This was not a teaching moment. This was not something to keep me awake for the last two hours of my shift. This was not television. This was a woman who was going to die, no matter what we did or how well we did it. The family at the end of the hall who kept glancing fearfully at the closed curtains were not amused in the slightest, nor should they have been. The look on their faces as the doctor came out of the room and walked down that long hall toward them was a look I've come to know and dread. It was raw terror. As the doctor reached them and put a hand on her husband's shoulder...he knew. He knew before he said a word. And he slowly collapsed weeping into his son's arms as the rest of the family stood in varying degrees of stunned shock and vocal grief.


You have to walk a line. There has to be objectivity there or none of us could do our jobs effectively. You have to teach people how to handle situations like this. In nursing school, it's a badge of honor. "I was in on a code during my ER rotation" is right up there with actually seeing a baby being born during your time in OB. (Which I hated, by the way, just to add one more black mark to my name. OB, not babies).


And god knows if we didn't have some way of distancing ourselves, we'd never get through the day. And god knows that it takes a cold human being to not feel a family's agony. And god knows that I may never make it to that point. But even though I was not alone that day in my attitude, I still feel like a schmuck. From a medical and professional standpoint we were beyond reproach.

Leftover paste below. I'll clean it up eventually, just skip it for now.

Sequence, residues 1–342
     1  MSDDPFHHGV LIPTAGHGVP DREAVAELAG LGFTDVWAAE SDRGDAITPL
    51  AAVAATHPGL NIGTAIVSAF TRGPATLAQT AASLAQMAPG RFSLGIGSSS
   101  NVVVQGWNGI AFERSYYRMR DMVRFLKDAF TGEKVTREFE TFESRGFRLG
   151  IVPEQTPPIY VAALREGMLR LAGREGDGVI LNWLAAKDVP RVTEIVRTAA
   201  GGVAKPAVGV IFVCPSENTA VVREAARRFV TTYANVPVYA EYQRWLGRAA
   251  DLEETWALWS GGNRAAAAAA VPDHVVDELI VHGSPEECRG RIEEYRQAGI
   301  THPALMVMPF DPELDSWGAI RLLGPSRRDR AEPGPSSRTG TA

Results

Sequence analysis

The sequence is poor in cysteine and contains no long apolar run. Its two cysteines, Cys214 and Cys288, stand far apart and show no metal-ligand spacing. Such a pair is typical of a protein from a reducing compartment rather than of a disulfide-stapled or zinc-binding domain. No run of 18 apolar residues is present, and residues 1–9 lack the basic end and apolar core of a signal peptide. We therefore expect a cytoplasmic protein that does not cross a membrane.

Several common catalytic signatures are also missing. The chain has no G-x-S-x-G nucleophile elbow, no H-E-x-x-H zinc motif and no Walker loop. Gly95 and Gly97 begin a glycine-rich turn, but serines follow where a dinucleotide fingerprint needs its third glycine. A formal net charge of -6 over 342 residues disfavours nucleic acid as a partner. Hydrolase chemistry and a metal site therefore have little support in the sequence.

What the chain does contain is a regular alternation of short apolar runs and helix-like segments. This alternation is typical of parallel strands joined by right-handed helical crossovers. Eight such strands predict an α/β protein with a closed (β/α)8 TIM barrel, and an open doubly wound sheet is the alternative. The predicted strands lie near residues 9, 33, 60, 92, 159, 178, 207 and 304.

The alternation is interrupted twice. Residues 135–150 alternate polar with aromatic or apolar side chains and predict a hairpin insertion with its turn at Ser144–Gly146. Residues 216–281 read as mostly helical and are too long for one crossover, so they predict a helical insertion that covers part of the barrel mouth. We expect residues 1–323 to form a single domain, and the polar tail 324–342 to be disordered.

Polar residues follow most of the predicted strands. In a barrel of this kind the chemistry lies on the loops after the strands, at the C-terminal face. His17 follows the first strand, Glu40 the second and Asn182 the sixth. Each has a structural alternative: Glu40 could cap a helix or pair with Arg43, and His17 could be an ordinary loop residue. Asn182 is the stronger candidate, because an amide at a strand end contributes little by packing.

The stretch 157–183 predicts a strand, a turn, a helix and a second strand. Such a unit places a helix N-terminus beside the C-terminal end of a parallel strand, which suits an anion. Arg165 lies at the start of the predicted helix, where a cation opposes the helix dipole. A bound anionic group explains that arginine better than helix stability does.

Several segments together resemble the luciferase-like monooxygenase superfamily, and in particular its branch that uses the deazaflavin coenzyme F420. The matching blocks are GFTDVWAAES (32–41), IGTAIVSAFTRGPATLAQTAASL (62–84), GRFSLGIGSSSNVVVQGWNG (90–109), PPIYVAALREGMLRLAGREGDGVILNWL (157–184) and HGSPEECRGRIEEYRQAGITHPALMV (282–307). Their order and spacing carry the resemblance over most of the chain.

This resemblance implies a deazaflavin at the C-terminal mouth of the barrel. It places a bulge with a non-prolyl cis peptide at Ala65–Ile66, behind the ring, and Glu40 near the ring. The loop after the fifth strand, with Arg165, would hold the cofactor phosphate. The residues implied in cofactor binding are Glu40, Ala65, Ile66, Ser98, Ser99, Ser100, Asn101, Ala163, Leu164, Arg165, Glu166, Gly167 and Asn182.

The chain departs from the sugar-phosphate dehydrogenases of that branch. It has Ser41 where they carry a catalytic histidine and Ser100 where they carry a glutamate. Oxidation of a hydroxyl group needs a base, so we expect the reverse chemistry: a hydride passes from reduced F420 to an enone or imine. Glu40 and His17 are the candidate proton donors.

But as humans?

18 comments:

lv4921391 said...

RC, maybe next time take the students to a room and close the door. Learning must continue.

Maggie May said...

The students have to learn but it is not easy this kind of thing, is it?

laurie said...

i'm not entirely clear on what it was you were ashamed of....

Flutterby said...

I'm with laurie, I'm not clear on what you were ashamed of either.

Amy said...

I think you're being too hard on yourself. People die. Medical and nursing students need to learn how to do their jobs. It's nothing to be ashamed of. It's hard, but it's not shameful.

Rudee said...

Teaching hospitals can be dehumanizing in situations like this. It's where I think I'd want to be if I were the patient.

Having been in situations like this as a nurse, I do think I know what you're speaking about in terms of being flip, making jokes, etc. RC, this is how we blow off steam during stressful situations. Nothing more, nothing less. If we didn't, this job would eat us alive.

aims said...

Did you go and talk to the family and say how you feel?

If not - you know their names and still could do so.

I'm ashamed to say I could not have done any of that. Bless you for just being there.

CrazyCath said...

Don't be too hard on yourself. Guess what?
None of us are perfect. We do what we have to so that we get by. Hopefully without causing hurt. Sometimes we do. We don't mean to.

We are not perfect.
Be a little kinder to yourself.

Iota said...